[From the Scene] Speech lasts 33 minutes, receives positive responses

By Jo He-rim
  • Published : Nov 8, 2017 - 18:49
  • Updated : Nov 8, 2017 - 18:49

US President Donald Trump’s address to the National Assembly was longer than expected, lasting 33 minutes and punctuated by 22 rounds of applauses and standing ovations at the beginning and end.

Hours before he arrived for the much-anticipated speech, originally scheduled for 11 a.m. but delayed by about 20 minutes, the atmosphere in and outside the National Assembly was tense. 

US President Donald Trump waves to South Korean lawmakers after he finished his parliamentary speech at the National Assembly in Seoul on Wednesday. (Yonhap)

Protesters rallying for and against Trump clashed outside the parliamentary building in Yeouido, Seoul, a reminder of a society split on how to view the outspoken US leader who at times has threatened to take military action against North Korea, which many here believe would lead to tremendous losses of life in Korea.

As US President Trump and first lady Melania Trump entered the Assembly Chamber at 11:20 a.m., parliamentarians and the audience stood -- many of them holding out their smartphone to take photos.

Wearing a blue tie and US flag pin, Trump exchanged nods with National Assembly Speaker Chung Sye-kyun and took the podium in front of an audience of 550, including 299 lawmakers and specially invited guests.

Trump, in the first part of his speech, stressed the importance of the Korea-US alliance and to highlight the remarkable achievement that S. Korea has made in both economy and democracy since the 1950-53 Korean War. He described how South Korea climbed from “total devastation” to become one of “the greatest nations on Earth,” continuing the pleasant mood. When the US leader talked about South Korean golfers leading the US Open competitions, both applause and laughter filled the chamber.

As Trump finally moved on to North Korea, the widely expected main topic of the speech, some expressions in the audience turned grim. When he talked of “peace through strength” and the end of US tolerance for N. Korean provocations and threats, some liberal politicians expressed their uneasiness by withholding applause.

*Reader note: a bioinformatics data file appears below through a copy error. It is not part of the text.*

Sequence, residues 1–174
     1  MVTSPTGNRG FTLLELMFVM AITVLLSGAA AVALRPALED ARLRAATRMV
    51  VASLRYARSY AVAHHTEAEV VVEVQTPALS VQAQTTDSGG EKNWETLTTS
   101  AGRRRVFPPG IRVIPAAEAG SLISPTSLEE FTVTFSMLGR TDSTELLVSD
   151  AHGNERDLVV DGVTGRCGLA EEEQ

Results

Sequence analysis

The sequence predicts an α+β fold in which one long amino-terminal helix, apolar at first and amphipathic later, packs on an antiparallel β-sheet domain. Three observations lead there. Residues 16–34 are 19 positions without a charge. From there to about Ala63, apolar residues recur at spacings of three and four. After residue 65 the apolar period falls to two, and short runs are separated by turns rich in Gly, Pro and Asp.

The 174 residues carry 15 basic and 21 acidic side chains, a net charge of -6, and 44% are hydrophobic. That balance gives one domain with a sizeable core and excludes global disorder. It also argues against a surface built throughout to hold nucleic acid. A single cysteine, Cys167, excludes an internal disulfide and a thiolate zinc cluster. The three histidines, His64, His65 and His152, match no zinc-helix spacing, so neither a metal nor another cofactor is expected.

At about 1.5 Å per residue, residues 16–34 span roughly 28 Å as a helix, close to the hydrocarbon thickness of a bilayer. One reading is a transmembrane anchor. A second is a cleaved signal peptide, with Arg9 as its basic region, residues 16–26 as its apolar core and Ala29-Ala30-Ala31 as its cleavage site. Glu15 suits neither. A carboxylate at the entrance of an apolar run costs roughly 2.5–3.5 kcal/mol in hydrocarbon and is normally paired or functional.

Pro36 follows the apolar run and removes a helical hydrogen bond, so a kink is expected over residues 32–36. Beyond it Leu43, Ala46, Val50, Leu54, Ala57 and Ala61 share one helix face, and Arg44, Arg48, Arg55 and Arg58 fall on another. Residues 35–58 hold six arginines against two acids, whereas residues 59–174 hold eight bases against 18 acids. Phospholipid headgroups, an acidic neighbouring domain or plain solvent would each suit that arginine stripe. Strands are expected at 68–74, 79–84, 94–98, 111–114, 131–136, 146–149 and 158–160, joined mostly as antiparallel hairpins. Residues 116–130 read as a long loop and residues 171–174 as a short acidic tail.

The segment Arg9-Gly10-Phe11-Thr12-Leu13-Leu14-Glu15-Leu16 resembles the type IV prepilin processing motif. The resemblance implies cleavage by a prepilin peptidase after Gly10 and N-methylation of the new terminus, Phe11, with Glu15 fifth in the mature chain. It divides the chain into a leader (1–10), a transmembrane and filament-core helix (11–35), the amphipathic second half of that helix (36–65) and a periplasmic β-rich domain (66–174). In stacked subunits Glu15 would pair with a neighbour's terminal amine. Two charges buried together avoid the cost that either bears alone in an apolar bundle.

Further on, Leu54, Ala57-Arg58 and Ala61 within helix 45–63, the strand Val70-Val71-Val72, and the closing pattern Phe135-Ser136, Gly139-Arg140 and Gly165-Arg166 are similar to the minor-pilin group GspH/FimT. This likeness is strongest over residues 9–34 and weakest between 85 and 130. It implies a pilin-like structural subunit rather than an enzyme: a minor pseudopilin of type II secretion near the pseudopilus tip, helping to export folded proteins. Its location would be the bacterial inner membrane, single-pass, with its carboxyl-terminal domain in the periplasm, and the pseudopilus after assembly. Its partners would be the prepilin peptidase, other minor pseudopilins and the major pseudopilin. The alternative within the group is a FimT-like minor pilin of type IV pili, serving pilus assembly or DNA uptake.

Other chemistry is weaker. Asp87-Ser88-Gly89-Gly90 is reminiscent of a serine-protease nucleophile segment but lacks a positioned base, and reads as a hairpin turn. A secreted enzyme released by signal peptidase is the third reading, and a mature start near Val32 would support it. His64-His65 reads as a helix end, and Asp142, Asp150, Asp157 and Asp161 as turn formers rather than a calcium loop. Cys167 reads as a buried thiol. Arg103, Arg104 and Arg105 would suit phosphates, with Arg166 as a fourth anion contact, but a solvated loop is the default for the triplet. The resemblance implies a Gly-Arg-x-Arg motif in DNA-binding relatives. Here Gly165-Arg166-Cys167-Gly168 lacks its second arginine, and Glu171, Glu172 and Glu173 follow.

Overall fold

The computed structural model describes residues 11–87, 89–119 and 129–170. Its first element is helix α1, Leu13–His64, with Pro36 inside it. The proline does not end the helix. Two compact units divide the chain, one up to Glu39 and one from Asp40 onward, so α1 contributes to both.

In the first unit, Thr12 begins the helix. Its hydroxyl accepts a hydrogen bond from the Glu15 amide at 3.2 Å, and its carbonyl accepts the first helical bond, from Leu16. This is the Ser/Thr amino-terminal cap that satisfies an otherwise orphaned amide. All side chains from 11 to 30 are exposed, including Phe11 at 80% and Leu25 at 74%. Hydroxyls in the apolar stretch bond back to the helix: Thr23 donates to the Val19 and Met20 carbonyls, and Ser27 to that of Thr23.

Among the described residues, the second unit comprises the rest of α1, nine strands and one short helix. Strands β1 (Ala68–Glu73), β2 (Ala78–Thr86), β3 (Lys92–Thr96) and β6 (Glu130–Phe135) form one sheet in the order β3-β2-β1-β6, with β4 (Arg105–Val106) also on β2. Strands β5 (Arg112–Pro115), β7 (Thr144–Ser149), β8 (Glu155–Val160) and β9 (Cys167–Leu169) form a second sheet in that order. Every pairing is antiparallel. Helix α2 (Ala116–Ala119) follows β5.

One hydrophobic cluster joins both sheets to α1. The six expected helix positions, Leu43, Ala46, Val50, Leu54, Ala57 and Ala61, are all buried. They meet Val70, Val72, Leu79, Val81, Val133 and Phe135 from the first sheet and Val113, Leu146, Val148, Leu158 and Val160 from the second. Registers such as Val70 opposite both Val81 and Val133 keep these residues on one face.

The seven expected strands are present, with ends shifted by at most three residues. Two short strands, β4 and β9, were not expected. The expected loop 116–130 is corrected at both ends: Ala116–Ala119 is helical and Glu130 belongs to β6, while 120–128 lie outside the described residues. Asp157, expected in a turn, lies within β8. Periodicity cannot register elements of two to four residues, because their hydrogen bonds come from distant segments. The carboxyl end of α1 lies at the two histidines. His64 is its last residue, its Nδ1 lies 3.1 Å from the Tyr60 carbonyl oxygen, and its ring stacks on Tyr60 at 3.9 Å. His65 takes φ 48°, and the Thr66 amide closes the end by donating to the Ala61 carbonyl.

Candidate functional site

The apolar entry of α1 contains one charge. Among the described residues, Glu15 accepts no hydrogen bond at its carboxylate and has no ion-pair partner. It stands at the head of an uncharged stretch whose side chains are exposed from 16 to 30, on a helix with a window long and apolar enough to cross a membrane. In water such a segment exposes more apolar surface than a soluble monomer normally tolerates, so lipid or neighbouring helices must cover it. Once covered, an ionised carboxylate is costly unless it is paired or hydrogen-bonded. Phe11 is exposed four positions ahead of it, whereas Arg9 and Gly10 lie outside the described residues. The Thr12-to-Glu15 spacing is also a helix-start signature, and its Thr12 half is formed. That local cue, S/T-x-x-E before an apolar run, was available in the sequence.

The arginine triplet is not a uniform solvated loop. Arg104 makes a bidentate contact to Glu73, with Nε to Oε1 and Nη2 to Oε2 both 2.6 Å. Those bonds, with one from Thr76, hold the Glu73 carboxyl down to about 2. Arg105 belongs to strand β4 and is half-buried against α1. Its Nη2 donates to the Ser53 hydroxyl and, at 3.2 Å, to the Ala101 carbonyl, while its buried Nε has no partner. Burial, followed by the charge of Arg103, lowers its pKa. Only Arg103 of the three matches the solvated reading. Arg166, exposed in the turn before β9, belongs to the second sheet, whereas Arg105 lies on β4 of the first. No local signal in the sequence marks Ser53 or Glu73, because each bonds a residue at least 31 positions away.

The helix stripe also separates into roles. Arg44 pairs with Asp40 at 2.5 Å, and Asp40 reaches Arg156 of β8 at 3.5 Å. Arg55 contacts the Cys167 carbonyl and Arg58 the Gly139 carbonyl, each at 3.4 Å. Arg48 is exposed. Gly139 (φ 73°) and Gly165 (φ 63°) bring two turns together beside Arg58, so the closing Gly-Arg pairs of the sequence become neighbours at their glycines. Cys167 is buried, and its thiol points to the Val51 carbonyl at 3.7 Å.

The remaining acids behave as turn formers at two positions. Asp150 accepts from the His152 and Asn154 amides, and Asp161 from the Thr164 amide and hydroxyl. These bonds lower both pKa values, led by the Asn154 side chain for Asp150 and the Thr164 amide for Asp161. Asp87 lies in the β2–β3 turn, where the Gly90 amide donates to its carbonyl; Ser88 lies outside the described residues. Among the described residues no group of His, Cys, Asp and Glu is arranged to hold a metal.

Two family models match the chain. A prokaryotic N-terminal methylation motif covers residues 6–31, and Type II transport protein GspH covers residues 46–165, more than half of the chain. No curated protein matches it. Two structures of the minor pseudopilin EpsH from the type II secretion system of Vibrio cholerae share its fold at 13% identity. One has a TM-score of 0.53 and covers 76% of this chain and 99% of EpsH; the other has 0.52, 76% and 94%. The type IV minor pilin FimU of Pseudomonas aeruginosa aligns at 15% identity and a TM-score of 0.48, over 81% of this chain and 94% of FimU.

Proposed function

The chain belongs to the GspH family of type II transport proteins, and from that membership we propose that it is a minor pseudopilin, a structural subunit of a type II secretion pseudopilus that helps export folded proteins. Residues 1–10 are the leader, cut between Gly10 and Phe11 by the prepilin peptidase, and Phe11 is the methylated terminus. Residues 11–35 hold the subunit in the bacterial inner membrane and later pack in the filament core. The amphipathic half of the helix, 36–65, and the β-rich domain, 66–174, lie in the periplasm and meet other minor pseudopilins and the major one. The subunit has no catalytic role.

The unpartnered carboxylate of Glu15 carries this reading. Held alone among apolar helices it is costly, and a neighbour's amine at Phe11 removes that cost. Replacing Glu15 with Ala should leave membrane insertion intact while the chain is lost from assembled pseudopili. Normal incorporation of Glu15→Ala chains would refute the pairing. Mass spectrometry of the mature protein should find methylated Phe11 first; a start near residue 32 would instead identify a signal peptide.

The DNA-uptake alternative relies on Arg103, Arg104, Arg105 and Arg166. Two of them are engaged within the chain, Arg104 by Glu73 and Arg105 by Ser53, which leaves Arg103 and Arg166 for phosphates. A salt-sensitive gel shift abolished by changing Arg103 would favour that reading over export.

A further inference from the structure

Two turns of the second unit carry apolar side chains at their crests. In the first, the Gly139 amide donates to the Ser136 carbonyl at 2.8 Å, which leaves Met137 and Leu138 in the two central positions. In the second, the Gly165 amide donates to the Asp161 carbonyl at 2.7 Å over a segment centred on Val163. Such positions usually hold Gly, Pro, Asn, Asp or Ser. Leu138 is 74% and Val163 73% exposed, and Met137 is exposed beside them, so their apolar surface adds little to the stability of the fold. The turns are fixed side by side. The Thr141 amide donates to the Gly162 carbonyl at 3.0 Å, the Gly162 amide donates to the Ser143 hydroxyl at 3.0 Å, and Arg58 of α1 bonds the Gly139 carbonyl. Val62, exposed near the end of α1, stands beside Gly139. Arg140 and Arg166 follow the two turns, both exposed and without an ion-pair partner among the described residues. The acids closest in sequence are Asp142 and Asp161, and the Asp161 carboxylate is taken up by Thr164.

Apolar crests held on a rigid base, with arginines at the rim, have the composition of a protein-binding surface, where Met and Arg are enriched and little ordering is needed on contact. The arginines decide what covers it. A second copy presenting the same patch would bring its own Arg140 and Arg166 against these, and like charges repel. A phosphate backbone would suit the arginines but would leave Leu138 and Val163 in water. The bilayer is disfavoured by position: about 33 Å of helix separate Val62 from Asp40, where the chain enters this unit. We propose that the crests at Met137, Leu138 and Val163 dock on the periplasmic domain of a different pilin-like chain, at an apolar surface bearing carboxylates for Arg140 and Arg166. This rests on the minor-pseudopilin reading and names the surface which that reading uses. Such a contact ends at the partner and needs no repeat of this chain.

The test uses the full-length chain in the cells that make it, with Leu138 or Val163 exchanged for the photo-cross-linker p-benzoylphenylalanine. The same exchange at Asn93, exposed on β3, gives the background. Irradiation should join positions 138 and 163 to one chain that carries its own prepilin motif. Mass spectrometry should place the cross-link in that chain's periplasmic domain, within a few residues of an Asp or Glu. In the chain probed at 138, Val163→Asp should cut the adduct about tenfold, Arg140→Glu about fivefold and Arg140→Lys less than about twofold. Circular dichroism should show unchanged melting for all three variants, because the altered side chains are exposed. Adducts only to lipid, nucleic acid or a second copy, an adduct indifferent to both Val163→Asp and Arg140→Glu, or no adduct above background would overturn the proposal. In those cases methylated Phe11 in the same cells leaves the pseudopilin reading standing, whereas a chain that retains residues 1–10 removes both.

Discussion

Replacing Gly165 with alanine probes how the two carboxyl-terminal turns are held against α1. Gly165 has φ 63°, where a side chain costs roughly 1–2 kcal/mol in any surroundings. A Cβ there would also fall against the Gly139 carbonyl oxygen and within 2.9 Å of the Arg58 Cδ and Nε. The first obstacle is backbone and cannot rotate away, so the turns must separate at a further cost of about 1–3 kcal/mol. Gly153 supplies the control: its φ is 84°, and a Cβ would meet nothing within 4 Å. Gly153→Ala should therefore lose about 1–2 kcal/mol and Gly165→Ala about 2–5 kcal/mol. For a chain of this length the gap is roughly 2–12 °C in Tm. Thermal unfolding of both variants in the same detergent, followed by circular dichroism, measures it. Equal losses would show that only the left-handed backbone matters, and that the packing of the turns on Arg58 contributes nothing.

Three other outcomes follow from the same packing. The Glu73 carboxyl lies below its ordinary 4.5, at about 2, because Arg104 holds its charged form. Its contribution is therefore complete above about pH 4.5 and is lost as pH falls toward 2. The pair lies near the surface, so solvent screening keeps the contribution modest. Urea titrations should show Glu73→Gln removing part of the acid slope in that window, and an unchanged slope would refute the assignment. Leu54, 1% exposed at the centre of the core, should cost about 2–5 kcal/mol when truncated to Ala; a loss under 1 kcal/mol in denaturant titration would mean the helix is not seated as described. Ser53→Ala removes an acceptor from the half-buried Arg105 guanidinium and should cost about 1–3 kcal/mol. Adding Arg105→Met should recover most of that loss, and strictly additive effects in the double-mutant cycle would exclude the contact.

Two lawmakers, Rep. Yoon Jong-o and Kim Jong-hoon of the progressive Minjung Party, did not applaud through the speech at all. The two have been critical of the United States’ approach to the North. They held out a placard after the speech ended.

Before the speech began, three-term lawmaker Cho Won-jin of the Patriot Party of Korea was forced to leave the chamber. He had walked in holding a placard reading, “Stronger Alliance US and Korea” and “Release Innocent President Park Geun-hye” both in English and Korean. As he was forced out, he shouted, “It is not lawful.”

As a loyalist of ousted former President Park, Rep. Cho defected from the main opposition Liberty Korea Party in April, saying the party could no longer represent the “patriotic spirit of conservatives.” 

Pro-America rallygoers hold signs reading phrases such as "Welcome President Trump" and "Deter War," in front of the National Assembly, in Seoul on Wednesday. (Yonhap)
Anti-America rallygoers protest against US President Donald Trump giving a parliamentary speech, in front of National Assembly in Seuoul on Wednesday. (Yonhap)

The National Assembly was at its highest security level, with entry to the main buildings and Members’ Office Building strictly controlled. No cars could enter the area without permits.

For the Assembly buildings, some 8,000 security guards and police officers were positioned.

On the road 100 meters from the parliament, both pro- and anti-America rallygoers took to the streets outside the iron-fenced National Assembly. Rallies and demonstrations were banned within 100 meters of the National Assembly,

Some 600 protestors and 8,000 supporters gathered, according to police and rally organizers. They held signs reading starkly different messages, such as “No Trump, No War” and “Trump Welcome!”

As the rallies intensified, a group of protestors from the two sides clashed, exchanging insults and punches, but were soon stopped by police.

According to police, 18,860 officers were deployed around the National Assembly.

The last US leader to speak at the Assembly was Bill Clinton in 1994. He spoke for 22 minutes and received seven rounds of applause.

By Jo He-rim (